The declining state of retail video sales in the UK

With the advancement of technology, the world has access to a humongous amount of content worldwide. The audiences flock to cinemas to watch big budget, visual effects masterpieces or enjoy so many films in every genre which release every week.

There is however a conflicting set of data in the British Film Institute’s (BFI) annual report of 2018 which suggests that retail video sales have been dropping consistently for the past 10 years. It has plummeted from £2,237 million in 2008 to just £742 million in 2017.

Data Source: British Film Institute

The volume of sales in millions has gone down from 257 to 83 in the same time-frame. The maximum drop was from 2011-2012 with a difference of 28 million.

Now there is a major question at hand. Colossal film studios like Warner Bros., Disney and Sony pictures have been increasing budgets for their films with every release and coming up with blockbusters like Godzilla, Avengers and Spider-Man. So, if these films do a business of billions at the box-office then why is the number of people who want to watch them at home steadily declining?

There are a few possibilities for this outcome. The first and foremost is competition. Online streaming services like Netflix, Hulu and Prime video have been taking over the online media space and have become a source of home entertainment for a huge number of people.

According to data by the number of Netflix subscribers alone in 2015 were over four million in the UK and the forecast for 2020 is that the number will reach over nine million. The UK has a great collection of content on Netflix with almost 700 TV Series and over 2000 movies.

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Considering there are many more streaming platforms than just Netflix, the online media space is surely a contributing factor in dropping retail video sales. Furthermore, cinemas have many offers for viewers to convince them to come and watch more films on the big screen.

For instance, Cineworld has an unlimited membership for just £17.90 a month which allows audiences to watch as many films as they want and as many times as they want. This is a bargain for many people who like the big screen experience. And with formats like IMAX and D-BOX, the appeal is much more than a television screen.

People who have unlimited membership believe that if they can go to the cinema whenever they like, there is no point in spending more money to buy the film when it releases on home media. A university student, Adnana Zimbru said: “It’s a convenient investment to make. Unlimited movies for a small price are amazing compared to spending £14 on one film without membership.”

Talking about retail media sales, she added: “I don’t really buy films on Blu-Ray because if I want to watch it I just go to the cinema. The point is that even if you buy it, you are not going to watch it more than a couple of times. That’s just wasted money.”

There is another form of online competition to film sales which is not of legal nature. Online piracy also known as torrenting has been a threat to all forms of media for years. According to Muso’s annual piracy report of 2017, the UK is fifth on the list of countries ranked by visits to piracy sites.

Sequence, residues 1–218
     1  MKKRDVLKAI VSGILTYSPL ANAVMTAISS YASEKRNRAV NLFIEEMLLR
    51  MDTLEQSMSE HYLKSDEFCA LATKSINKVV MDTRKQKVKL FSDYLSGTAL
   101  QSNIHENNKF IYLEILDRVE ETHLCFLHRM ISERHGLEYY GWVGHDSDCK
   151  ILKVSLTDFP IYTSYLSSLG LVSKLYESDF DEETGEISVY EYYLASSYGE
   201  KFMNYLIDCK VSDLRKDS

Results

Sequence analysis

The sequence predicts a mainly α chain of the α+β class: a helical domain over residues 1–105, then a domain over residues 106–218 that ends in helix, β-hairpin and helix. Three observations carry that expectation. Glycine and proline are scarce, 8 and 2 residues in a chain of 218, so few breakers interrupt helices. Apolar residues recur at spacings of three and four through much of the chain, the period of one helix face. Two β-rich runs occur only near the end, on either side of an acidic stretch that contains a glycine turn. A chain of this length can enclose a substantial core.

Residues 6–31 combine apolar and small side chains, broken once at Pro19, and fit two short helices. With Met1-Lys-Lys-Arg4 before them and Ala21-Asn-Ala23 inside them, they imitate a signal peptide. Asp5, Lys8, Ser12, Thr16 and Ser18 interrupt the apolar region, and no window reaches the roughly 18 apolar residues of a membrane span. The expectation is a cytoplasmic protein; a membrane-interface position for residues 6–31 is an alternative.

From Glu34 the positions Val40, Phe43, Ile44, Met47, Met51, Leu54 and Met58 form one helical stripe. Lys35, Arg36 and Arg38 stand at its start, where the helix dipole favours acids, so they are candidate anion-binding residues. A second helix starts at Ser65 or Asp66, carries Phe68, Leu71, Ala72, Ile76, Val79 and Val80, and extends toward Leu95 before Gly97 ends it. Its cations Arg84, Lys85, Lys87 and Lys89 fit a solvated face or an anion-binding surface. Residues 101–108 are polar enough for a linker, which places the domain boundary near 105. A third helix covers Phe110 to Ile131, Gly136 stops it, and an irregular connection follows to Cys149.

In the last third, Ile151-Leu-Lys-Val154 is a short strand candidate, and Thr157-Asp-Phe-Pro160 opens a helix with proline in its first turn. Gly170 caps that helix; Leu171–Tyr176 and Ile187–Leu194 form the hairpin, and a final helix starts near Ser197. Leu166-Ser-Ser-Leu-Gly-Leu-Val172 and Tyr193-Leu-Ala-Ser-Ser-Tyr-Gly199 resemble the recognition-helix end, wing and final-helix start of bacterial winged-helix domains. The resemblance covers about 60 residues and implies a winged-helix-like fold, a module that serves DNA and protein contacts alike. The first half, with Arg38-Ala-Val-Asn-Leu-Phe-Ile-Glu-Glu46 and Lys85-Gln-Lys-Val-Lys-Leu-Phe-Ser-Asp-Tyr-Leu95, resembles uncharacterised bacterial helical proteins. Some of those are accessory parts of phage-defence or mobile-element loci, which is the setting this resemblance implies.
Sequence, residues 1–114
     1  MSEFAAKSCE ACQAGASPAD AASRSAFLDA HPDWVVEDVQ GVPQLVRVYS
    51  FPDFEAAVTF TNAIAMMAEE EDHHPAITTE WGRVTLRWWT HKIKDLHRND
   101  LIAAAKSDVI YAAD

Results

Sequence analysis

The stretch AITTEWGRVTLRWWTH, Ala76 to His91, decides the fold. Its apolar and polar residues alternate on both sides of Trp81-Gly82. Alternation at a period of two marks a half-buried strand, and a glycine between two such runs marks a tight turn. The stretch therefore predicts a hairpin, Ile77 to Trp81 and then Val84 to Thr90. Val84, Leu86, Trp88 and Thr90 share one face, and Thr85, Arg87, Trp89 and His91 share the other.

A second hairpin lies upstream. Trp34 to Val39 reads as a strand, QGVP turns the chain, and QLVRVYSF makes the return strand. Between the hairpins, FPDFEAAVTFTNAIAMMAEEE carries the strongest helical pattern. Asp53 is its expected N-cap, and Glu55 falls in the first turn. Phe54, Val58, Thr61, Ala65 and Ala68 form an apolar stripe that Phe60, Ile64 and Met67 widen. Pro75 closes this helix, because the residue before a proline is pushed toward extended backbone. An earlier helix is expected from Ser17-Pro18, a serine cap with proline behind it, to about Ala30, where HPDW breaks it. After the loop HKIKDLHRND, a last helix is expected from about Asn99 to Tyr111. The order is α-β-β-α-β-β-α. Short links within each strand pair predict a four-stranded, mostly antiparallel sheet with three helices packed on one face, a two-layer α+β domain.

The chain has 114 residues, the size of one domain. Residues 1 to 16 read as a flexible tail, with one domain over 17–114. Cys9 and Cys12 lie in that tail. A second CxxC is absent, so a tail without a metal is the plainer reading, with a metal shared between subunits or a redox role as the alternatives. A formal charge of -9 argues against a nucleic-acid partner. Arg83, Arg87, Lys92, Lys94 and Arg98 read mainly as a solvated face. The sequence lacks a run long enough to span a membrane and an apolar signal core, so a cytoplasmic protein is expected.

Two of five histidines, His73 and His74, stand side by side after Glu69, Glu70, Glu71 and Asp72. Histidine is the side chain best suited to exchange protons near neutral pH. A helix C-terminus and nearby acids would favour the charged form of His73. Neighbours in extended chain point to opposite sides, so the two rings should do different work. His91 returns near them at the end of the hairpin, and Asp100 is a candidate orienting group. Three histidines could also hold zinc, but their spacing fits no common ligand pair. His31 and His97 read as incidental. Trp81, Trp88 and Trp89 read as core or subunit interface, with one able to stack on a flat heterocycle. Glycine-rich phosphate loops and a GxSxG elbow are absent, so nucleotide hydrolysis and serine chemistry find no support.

Muso global piracy rank
Image Source: Annual Piracy Reports, Muso

With a country internet population of just over 60 million, the visits to piracy sites were almost 4 billion. That averages up to almost 65 visits per person. This shows a major problem in tracking piracy online and how easily copyrighted content is available for free.

Statista also released data of internet users who were 12 years or older in the UK asking them about consuming films illegally and unsurprisingly, the dominance was held by the illegal side of things.

Illegal film statista
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Muso also revealed that globally there were 300 billion visits to pirate websites which was up 1.6% compared to 2016. It is obvious that if people have access to films in high definition or ultra HD so easily then they are neither going to buy them or have a subscription to any online streaming platform.

It is not just torrenting websites, but also websites which allow illegal streaming of content which are part of the problem. Muso also revealed that 53% of piracy occurred on unlicensed streaming sites with it being highest in the United States of America with 27.9 billion visits by users.

Tackling piracy is a never-ending process as it is so deeply rooted in the heart of the world wide web. Furthermore, the change in preference from buying films to buying streaming platform subscriptions is inevitable as people seek to access their favourite content from the comforts of their home.

There is enough evidence present to suggest why retail video sales have been declining steadily over the past 10 years and it is a mix of change and corruption. It is evident that the internet has got a good, bad and an ugly side to it like everything else and to just blame Netflix like Stephen Spielberg did won’t be a fair conclusion.

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